Why Professional Certification matters

24th October 2018

Research published recently in Applied Clinical Trials indicated that investigators accredited through ACRP (Association of Clinical Research Professionals) had fewer protocol deviations [1]. The authors suggested that pharma may want to consider using certified principal investigators (CPIs) going forward. Kudos to those investigators who have taken the time to prepare for and sit the exam. However, if studies are limited to certified investigators only, there would be insufficient investigators and sites in the short term to meet enrolment of the large number of trials in the pipeline.

Data Quality is Better
Behind every good investigator (certified or not) there is a research coordinator whose contribution is key to what makes a site successful. A good first step in reducing the number of protocol deviations would be the selection of sites where coordinators have completed ACRP accreditation.

A good research coordinator makes sure to schedule time with her principal investigator (PI) to discuss enrolment, review labs and review AEs. Documenting that they met, and action items taken, demonstrates PI oversight, something that Inspectors look for.
Membership of professional associations like ACRP and being a certified clinical research coordinator (CCRC) indicates to me that this person is committed to the research profession. Investigators should set that expectation for their staff and hold them to it.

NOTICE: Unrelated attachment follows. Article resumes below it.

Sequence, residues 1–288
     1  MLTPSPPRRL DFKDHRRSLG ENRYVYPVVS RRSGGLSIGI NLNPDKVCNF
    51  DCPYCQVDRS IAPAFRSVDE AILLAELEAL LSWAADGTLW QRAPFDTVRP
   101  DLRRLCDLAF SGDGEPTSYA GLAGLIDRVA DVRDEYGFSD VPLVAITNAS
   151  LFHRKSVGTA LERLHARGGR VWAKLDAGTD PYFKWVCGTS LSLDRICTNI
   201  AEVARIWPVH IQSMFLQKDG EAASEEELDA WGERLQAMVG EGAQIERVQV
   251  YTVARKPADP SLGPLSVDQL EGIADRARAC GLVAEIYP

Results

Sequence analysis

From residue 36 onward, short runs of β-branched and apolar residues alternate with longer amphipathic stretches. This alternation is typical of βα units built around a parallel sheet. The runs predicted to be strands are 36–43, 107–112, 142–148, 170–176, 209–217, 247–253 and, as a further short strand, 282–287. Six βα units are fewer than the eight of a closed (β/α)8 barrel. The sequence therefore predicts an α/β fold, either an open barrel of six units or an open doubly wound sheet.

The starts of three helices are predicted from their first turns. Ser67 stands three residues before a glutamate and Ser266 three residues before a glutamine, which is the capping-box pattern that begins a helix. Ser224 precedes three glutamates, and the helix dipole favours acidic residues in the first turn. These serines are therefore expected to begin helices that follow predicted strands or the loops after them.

If we set that expectation for research coordinators, pharma and CROs should ensure that the monitors/clinical research associates they hire are certified professionals or commit to getting certified within a specified time- period. At a minimum you should expect to see membership of a professional organization on their CVs. How else do independent contractors keep up to date with regulatory trends and changes in practice?

Outcomes are Better
Should investigators take the certification exam? Absolutely. That should be the goal for any site…that all staff, investigators, sub-investigators and research coordinators are certified research professionals. That certification differentiates that site from their peers and, based on studies conducted, that site will have fewer protocol deviations per subject, better quality data, and better FDA audit outcomes [2]. An investigator could certainly make a strong case for being paid more per subject enrolled if he/she is certified!
Let’s start with the expectation that site personnel are certified professionals as are the clinical research associates who monitor the data. We should then encourage principal investigators to consider the benefits of certification and ‘join the club’. At the end of the day we all benefit. Clean data will mean studies can be completed faster, applications for approval can be submitted sooner and new drugs and devices reach the market in a timely manner.

[1] http://www.appliedclinicaltrialsonline.com/does-pi-certification-make-difference
[2] Vulcano, DM. (2012) CPI Certification as a predictor of Clinical Investigators’ Regulatory Compliance. Drug Inf
J 2012; 46(1):84 to 87. http://journals.sagepub.com/doi/10.1177/0092861511427862

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